Although it might not surprise you, results of a new study show that added sugar consumption has risen over 30 percent (228 to 300 calories per day) in the last 30 years. In children, added sugar consumption has increased about 20 percent (from 277 to 329 calories per day). These increases are despite the recent declines in sugar consumption that have taken place.

“The thirty percent increase is only the average consumption among adult Americans,” noted Elyse Powell, lead researcher. “Even more alarming is the fact that the top 20 percent of adult consumers are eating 721 calories from added sugar per day, on average. This is equally alarming for the top 20 percent of children who are consuming on average 673 calories from added sugar per day.”

Wow! That’s a lot of sugar.

Recent efforts by the FDA to include added sugar on nutrition labels will hopefully prove fruitful. This country is facing a health epidemic that is fueled by sugar. In my opinion, added sugar has no place in the diet whatsoever. It is a nutrient-poor addition to the diet that only comes with negative effects disguised as a sweet treat. Don’t fall for it. Read your labels. Until nutrition labels are changed (and if they are changed), you can find added sugars in the ingredients list. But beware of the many names under which it might be hidden. Click here for a list of 56 alternative names of added sugar.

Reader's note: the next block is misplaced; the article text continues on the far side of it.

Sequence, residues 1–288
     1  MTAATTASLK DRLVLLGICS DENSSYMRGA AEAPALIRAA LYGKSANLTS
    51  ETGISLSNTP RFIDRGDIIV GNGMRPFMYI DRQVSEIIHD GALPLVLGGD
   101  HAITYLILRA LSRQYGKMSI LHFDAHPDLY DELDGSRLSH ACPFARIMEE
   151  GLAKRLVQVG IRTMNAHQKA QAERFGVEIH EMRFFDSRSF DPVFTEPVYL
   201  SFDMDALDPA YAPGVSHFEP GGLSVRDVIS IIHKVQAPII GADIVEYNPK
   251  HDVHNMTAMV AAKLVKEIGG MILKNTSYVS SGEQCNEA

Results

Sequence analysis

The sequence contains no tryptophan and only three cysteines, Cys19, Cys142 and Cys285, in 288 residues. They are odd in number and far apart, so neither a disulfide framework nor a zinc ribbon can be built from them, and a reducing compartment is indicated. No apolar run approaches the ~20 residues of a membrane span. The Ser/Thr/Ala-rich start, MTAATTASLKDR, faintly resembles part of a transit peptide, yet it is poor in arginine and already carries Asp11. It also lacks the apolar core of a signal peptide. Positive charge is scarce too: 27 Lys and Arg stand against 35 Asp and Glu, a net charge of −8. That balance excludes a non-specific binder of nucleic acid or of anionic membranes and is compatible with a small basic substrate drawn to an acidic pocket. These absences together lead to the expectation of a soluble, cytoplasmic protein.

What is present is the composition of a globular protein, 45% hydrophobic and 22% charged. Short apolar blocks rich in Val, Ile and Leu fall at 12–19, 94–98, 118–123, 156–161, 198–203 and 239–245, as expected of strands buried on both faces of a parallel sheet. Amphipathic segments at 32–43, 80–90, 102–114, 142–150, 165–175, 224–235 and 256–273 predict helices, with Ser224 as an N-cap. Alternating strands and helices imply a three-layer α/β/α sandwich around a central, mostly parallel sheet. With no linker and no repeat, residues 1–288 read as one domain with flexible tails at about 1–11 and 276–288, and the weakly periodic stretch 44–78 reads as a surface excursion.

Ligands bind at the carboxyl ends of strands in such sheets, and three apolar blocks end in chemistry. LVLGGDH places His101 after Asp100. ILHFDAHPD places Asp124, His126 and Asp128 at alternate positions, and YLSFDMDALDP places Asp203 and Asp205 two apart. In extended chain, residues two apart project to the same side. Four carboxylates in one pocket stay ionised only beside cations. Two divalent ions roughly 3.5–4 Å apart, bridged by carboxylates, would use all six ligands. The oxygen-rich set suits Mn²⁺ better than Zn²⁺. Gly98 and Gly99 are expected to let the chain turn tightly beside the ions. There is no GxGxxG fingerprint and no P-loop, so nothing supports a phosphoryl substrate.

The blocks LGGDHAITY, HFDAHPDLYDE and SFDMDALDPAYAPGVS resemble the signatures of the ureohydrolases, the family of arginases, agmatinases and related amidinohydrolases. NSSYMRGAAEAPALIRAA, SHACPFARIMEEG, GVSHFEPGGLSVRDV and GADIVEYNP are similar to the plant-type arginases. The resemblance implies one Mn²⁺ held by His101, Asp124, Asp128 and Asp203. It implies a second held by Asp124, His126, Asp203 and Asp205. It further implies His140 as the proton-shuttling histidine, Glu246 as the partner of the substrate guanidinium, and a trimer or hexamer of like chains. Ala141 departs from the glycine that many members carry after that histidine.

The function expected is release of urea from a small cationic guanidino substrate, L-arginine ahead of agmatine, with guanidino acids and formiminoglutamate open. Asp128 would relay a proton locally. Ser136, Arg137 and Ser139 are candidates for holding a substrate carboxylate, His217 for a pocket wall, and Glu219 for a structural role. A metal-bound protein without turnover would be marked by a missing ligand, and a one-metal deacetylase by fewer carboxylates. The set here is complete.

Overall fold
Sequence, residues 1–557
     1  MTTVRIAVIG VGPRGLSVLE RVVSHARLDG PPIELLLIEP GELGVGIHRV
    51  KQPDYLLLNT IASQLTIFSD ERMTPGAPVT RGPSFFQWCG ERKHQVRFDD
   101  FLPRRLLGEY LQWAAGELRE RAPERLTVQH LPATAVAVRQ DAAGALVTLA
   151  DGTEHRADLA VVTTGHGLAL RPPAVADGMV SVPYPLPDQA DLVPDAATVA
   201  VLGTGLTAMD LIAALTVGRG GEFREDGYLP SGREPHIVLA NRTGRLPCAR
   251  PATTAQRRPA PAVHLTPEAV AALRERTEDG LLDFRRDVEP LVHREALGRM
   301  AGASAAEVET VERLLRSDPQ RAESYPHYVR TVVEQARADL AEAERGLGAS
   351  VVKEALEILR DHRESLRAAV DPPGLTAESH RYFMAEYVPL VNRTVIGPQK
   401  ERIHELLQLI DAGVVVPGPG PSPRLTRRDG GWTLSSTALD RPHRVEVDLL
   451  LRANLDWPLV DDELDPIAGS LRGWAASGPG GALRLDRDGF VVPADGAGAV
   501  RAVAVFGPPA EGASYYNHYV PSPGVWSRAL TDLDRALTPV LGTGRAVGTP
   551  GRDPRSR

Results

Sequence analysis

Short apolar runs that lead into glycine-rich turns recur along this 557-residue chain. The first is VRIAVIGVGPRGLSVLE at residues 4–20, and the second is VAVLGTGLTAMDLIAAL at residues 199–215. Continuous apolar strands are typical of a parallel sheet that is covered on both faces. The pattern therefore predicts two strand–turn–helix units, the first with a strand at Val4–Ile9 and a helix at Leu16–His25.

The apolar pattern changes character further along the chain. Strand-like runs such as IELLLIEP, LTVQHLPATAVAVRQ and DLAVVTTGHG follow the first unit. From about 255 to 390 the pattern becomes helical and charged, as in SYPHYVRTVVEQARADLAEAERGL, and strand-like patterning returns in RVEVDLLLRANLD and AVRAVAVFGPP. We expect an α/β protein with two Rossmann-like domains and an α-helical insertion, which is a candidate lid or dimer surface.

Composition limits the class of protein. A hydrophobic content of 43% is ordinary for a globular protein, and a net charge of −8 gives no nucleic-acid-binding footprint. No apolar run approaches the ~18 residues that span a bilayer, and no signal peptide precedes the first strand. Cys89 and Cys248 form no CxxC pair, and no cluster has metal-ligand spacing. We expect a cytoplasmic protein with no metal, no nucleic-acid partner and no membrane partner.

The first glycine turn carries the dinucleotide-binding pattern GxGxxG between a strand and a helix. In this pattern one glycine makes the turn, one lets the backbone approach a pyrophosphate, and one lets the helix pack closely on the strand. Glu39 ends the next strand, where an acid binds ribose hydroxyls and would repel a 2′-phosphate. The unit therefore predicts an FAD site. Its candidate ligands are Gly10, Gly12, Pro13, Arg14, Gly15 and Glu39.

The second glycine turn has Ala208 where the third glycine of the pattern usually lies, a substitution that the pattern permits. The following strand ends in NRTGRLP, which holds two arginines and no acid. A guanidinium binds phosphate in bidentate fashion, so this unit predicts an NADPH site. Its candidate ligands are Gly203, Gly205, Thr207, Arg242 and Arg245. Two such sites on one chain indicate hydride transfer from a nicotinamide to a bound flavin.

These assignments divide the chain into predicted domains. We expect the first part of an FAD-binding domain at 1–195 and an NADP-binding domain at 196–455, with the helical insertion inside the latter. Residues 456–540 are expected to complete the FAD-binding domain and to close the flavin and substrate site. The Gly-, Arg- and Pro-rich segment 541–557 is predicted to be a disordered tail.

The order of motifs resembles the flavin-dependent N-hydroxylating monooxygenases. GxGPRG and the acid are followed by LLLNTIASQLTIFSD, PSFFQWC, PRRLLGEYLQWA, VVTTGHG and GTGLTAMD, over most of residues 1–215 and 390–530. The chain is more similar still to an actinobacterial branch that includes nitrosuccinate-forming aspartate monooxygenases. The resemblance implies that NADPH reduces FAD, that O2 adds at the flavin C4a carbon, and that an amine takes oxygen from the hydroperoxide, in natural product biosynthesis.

Foods high in added sugar are usually energy dense, nutrient poor foods. Meaning, they pack a lot of calories, but few, if any, nutrients. Opt for fresh foods that have not been processed for the most nutrient bang for your buck.